According to the complaint, which was filed on behalf of Bank of America customers in Washington and nationwide, service calls to the bank are often transferred abroad without any notice to customers. When that happens, the customers’ digitized financial records are sent electronically to the call center. The suit was filed in U.S. District Court for the District of Columbia.
Outsourcing to foreign call centers is a common practice, but the problem, according to the lawsuit, is that the financial information being transferred electronically isn’t protected against U.S. government collection or surveillance in the same vein as domestic electronic transfers of the same information.
“By routing Plaintiffs’ [financial information] to foreign national personnel residing overseas, Bank of America affects a forfeiture of the Constitutional and statutory rights that constrain the surveillance by the United States Government,” the class alleges.
The lawsuit claims violations of the federal Right to Financial Privacy Act and other local consumer protection laws.
The class is seeking $100 per class member for each electronic transfer for data overseas, along with other damages, including treble damages.
The complaint also asks for Bank of America to stop transferring the data overseas without first getting authorization from customers.
The class is being represented by Joseph Hennessey of Beins, Goldberg & Hennessey in Chevy Chase, Md.
“When they make the decision, as a cost cutting measure, to outsource calls to foreign nationals overseas, they’re doing it at the expense of their customers’ rights under U.S. law and the Constitution,” Hennessey said in a phone interview today. By law, he said, “consumers should be provided notice and some kind of choice about how their data is handled and how the telecommunications are serviced.”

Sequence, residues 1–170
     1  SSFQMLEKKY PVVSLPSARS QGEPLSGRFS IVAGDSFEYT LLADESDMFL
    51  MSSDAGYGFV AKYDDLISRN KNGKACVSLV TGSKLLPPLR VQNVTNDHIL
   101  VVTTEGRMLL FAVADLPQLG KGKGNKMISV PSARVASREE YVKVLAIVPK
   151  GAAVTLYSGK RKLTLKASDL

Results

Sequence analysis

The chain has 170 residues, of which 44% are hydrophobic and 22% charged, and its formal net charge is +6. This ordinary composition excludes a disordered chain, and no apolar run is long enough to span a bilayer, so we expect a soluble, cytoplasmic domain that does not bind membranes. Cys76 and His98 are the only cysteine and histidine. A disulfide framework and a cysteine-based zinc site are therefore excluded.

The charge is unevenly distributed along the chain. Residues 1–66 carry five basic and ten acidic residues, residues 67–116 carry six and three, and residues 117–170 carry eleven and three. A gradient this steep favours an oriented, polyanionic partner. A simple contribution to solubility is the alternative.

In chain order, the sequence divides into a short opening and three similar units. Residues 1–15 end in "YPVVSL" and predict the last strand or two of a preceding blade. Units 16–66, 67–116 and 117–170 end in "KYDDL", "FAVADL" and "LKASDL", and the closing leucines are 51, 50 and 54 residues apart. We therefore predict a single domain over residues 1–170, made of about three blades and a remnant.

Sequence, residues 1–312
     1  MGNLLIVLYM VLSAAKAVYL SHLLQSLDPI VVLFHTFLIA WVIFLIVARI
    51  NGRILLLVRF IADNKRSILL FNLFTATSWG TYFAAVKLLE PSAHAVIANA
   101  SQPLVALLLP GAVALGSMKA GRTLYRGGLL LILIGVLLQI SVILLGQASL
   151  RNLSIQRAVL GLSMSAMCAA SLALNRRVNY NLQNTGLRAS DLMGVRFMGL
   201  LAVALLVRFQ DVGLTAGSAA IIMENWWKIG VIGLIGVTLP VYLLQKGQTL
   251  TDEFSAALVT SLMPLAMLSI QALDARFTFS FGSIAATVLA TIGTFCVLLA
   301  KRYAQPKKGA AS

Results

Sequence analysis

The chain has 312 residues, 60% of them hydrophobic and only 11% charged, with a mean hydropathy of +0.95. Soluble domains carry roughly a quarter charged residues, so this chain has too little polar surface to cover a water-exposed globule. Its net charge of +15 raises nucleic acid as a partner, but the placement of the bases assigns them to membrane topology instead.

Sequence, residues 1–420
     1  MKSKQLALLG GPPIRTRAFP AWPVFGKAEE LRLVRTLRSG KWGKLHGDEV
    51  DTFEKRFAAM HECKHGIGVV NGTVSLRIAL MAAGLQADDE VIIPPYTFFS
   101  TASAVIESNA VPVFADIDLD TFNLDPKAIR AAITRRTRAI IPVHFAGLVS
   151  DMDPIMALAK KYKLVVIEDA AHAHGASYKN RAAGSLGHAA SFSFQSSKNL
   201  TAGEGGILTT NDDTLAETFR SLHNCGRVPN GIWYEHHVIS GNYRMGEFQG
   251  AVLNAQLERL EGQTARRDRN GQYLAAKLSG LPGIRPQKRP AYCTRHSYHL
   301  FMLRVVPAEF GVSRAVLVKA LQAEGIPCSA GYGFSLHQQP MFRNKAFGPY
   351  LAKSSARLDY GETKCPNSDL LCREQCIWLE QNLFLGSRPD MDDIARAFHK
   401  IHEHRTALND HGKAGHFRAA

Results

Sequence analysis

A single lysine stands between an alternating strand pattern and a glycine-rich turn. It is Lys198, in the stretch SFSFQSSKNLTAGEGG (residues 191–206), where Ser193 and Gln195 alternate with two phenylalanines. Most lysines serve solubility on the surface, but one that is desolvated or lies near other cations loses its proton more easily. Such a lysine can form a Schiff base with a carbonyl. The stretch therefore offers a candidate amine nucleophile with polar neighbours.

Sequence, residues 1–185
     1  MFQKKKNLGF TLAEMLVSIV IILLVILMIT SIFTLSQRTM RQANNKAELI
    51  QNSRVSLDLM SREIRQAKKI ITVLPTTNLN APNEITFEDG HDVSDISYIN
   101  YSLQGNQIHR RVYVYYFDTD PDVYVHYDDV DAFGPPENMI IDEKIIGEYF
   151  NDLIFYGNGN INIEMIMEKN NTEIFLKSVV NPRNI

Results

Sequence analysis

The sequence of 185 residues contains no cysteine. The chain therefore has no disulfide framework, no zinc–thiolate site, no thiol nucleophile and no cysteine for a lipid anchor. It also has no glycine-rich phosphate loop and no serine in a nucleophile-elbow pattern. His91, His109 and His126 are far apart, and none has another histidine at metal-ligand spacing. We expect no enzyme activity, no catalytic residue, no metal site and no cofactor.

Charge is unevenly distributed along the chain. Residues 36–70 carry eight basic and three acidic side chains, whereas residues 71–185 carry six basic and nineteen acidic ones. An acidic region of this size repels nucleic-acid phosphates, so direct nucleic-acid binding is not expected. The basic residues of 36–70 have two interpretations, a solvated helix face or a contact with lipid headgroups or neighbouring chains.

Bank of America spokesman Lawrence Grayson said the company had not received the lawsuit or had an opportunity to review it.
Hennessey’s firm filed similar class actions against American Express Company in late May and early June Washington federal court and a California Superior Court. Hennessey has also written for years on what he sees as potential violations of the Fourth Amendment right against unreasonable search and seizure posed by the transmission of information to call centers overseas.
In a 2005 piece published in the Legal Times, Hennessey wrote that, “Since the Fourth Amendment provides no protection to foreigners living overseas, the National Security Agency has the authority to intercept any communication that has at least one foreign terminus.”
“The same statute that makes it a criminal act to intercept wire, oral, and electronic communications preserves the NSA’s right to intercept such signals when they are directed outside the United States,” he wrote.
Zoe Tillman can be contacted at firstname.lastname@example.org.